Re: Leadership of the Labour Party
I read extracts of your interview with the Indy with some interest as, I think it's fair to say, your platform for Labour leadership is considered the 'lightest' among the contenders so far. No one is in any doubt what Liz Kendall stands for. Ditto Jeremy Corbyn. And last night on Newsnight, Andy finally put more flesh on the bones of his National Care Service idea. I wouldn't be so presumptuous to say he followed my advice, but it's stark that whereas your three opponents have defined themselves you are yet to do so. And that's a shame, because some big ideas are getting floated in the leadership election this time round, and you should be meeting like with like. If you win on the basis of being the least offensive to everyone you will be storing up future legitimation problems for your leadership.
Today's Indy interview goes a little bit of the way in setting out what you believe, but nowhere near far enough. Let's talk about Jeremy, seeing as everyone else is. You say:
Inevitably there is frustration and anger at the prospect of five more years of Tory government. It is really important we channel that anger into defeating the Tories. It is no use just shouting from the sidelines. It is no use being angry about the world. We have got to change the world.That message isn't going to win over many Jez supporters now, especially when when the grating and the dud of the party's parliamentary/spad/journo establishment have articulated it in spectacularly panicky terms. And not being daft, you know this too. The only reasonable conclusion one can infer is that you're explicitly pitching for Liz's second preferences. Yet, as we know from Labour First's open letter to Progress, it seems some Liz supporters are bent on not lending their second preferences to either you or Andy. You've got to win them over rather than posing as a steady-as-she-goes default choice.
I don’t think we want to go back to the 1980s and just be a protest movement ... Today’s four and five year-olds could have to spend their entire childhood under a Tory government if we are not determined and ready to win again.
You do have some advantages here. From what I can gather, most Liz supporters see themselves as forward-thinking progressives. Tony Blair's silliness about the future being the only comfort zone is so much gibberish to some, but it chimes with how Blairites view their tendency. The left and the centre - which includes you and Andy - are yesterday's people. You fight shy of what they perceive as the real world and you offer little in the way of confronting and managing it in pursuit of economic efficiency and social justice, as they like to put it. Liz's platform, for instance, recommends itself to technocratic minds. Her plan to decentralise power, for example, is a good one that would keep the wonks and the geeks very happy. Her politics, however, have some very serious weaknesses that you do not share. There are breaches your campaign can step into.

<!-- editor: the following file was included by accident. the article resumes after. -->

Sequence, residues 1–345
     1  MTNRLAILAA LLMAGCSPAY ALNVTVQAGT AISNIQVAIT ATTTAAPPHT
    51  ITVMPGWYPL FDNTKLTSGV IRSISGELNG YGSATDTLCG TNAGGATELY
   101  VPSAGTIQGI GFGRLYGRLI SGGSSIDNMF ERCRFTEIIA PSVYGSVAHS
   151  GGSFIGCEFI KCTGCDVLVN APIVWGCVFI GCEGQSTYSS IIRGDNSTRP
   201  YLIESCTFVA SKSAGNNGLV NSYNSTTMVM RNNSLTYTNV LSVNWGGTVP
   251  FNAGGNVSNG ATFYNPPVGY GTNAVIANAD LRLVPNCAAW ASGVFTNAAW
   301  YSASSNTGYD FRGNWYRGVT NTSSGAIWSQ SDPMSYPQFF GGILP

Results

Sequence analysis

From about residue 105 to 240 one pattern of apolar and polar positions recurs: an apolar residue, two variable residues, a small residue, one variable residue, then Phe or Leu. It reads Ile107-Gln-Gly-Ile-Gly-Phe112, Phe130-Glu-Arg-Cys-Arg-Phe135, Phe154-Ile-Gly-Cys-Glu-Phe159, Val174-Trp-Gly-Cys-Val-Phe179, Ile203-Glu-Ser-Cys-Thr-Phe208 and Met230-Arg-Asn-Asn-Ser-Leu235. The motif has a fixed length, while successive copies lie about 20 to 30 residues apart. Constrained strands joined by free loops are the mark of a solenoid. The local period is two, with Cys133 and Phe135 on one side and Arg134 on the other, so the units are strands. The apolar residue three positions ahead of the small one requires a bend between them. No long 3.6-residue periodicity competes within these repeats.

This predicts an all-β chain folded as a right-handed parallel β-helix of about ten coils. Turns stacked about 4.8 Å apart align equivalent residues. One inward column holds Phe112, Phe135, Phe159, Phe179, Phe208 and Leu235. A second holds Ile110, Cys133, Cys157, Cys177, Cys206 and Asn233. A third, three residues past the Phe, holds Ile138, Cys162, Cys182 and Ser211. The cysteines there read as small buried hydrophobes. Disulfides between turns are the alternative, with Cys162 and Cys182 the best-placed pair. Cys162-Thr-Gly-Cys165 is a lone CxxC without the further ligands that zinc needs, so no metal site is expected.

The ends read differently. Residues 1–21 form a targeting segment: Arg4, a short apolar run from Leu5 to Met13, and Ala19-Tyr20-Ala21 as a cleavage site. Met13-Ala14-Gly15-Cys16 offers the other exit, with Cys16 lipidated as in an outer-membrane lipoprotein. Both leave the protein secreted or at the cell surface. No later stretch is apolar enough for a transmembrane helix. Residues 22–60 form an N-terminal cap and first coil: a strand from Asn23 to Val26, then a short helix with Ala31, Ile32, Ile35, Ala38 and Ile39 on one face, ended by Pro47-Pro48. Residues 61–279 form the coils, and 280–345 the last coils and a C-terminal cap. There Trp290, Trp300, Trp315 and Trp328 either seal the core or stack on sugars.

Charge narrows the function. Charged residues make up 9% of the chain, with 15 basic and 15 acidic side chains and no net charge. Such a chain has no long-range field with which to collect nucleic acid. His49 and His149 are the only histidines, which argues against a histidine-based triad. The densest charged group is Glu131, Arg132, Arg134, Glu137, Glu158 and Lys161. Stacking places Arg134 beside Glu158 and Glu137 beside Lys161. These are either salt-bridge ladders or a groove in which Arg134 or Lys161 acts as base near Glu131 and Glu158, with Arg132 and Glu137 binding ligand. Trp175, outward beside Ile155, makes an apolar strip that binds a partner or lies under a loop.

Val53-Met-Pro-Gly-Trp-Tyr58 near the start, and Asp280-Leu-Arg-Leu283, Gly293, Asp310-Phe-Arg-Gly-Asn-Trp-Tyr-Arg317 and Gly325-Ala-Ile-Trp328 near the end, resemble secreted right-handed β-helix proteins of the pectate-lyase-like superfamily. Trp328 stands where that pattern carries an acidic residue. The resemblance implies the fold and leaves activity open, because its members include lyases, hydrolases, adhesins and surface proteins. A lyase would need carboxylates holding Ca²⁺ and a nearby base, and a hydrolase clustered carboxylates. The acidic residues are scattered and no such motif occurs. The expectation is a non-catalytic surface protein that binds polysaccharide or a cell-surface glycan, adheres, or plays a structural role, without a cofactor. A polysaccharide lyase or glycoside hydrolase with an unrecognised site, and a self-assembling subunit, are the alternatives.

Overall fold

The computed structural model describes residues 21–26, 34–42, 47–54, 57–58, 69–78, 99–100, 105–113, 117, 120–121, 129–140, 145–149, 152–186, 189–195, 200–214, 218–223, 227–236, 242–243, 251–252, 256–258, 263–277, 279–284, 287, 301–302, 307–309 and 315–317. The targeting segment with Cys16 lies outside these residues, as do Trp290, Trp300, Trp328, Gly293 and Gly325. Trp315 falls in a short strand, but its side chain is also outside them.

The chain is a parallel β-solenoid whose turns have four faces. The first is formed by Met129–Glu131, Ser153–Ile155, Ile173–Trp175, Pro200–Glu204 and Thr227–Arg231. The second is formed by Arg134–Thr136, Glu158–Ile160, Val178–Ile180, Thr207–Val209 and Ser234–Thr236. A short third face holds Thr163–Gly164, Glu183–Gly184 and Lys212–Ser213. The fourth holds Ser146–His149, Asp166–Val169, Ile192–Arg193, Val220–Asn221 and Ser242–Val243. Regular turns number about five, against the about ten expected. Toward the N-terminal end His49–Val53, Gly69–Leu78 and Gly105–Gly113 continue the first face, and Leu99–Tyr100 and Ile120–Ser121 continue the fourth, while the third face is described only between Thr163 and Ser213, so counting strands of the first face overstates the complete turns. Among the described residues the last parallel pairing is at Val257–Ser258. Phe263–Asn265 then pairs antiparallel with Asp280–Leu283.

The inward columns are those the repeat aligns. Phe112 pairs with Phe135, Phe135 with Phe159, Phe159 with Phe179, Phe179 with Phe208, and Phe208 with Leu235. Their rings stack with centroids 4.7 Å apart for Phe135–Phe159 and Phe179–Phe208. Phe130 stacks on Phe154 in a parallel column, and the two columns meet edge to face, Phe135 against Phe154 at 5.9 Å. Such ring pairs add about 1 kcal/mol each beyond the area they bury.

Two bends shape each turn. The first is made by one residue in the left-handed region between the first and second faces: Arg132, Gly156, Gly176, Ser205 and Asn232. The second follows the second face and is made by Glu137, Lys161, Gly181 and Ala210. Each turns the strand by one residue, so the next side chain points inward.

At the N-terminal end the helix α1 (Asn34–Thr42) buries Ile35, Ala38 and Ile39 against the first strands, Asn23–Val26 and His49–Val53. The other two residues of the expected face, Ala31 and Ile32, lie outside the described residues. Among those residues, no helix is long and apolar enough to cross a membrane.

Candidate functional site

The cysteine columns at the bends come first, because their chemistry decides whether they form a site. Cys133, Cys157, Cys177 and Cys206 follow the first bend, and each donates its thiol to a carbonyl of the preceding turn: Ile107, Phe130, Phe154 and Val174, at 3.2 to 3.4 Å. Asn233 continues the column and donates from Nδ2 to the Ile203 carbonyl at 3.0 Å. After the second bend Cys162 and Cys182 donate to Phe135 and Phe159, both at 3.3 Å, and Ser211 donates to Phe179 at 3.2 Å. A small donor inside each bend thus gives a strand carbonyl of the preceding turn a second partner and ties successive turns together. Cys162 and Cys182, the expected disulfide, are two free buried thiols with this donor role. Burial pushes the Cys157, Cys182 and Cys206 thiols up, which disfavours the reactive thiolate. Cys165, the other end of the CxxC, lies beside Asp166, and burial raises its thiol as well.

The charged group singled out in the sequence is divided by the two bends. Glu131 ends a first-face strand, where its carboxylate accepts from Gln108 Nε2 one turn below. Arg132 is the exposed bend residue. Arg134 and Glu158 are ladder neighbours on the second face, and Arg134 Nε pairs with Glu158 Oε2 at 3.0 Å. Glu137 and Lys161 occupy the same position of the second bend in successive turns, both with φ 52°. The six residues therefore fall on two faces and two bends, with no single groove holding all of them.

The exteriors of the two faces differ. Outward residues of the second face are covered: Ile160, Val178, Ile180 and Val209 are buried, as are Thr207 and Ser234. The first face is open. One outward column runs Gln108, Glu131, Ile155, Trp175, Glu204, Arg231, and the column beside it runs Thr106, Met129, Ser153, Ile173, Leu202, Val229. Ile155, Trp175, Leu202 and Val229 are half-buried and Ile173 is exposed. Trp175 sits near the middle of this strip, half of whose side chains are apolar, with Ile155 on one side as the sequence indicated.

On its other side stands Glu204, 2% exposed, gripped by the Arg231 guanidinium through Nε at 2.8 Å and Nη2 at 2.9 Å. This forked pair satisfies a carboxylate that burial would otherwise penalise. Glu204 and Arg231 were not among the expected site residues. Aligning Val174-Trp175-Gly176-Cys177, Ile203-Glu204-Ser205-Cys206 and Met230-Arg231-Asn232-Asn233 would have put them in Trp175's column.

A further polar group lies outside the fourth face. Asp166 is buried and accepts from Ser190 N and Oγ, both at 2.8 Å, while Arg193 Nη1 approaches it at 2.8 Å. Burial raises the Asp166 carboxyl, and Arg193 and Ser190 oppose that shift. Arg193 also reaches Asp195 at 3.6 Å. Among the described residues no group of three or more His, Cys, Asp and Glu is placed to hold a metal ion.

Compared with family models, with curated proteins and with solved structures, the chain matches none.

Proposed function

The largest of these is 'the future'. In your Indy interview, you discuss the opportunities presented by Green industries and you rightly castigate the Tories for treating it them as green crap. Good. But you need to go further. If the future is to see a renaissance of British manufacturing you have to bang the drum hard for onshore and offshore wind, wave power, solar power and, to make sure it's Team Yvette that's future-tinged, perhaps say a few words about nuclear fusion research. You also have to set your face against fracking for pretty obvious reasons: more carbon emissions, landscape and property blight, overstated claims of a jobs bonanza. A plurality of the public are opposed, and not a few of them live in seats we need to win back in 2020. The Tories have left an open goal on this one, particularly as they favour fracking for short-termist reasons.
You are also the only candidate consistently talking about science, the digital revolution, and preparing the economy for jobs that don't even exist yet. As I'm sure you know, one of the biggest policy challenges coming is a new wave of automation. These could render redundant a number of low skilled, low waged, labour intensive jobs. More importantly it could sound the death knell for a great many office-based jobs too. As Paul Mason points out in his new book dealing with this topic (among other things), business as a whole is laying off investing in this way for the moment. When the market is more buoyant and the big savings become clearer, it's going to happen. This can be dealt with in one of two ways. Pretend it doesn't exist and hope that these jobs are replaced like-for-like by the expansion of other industries. That seems to be the Tories' course and, as the 1980s and the so-called "jobs miracle" since 2012/13 tells us, that is simply not going to happen. Or some far sighted leadership can be shown now, and you're in the best position to do this. Be warned though, it might involve thinking some properly unthinkable thoughts.
By stealing a march on these things you won't just win over Liz supporters; there are floating Andy and - yes - Jeremy supporters who might be inspired by what you have to say. You can show the Labour selectorate that you know what's coming and you're the only one who's thinking about those challenges. It also puts the Tories on the back foot because of their short sighted and reckless approach to managing the economy.
Look, my politics differ a lot from yours. However, I recognise that you have a lot of experience, have the thick skin a leader needs, and these qualities commend you both to the position of the Leader of the Opposition and Prime Minister. You will not get to see either of those offices unless you start distinguishing yourself from the others, and certainly not by trash-talking Jeremy. What's it to be?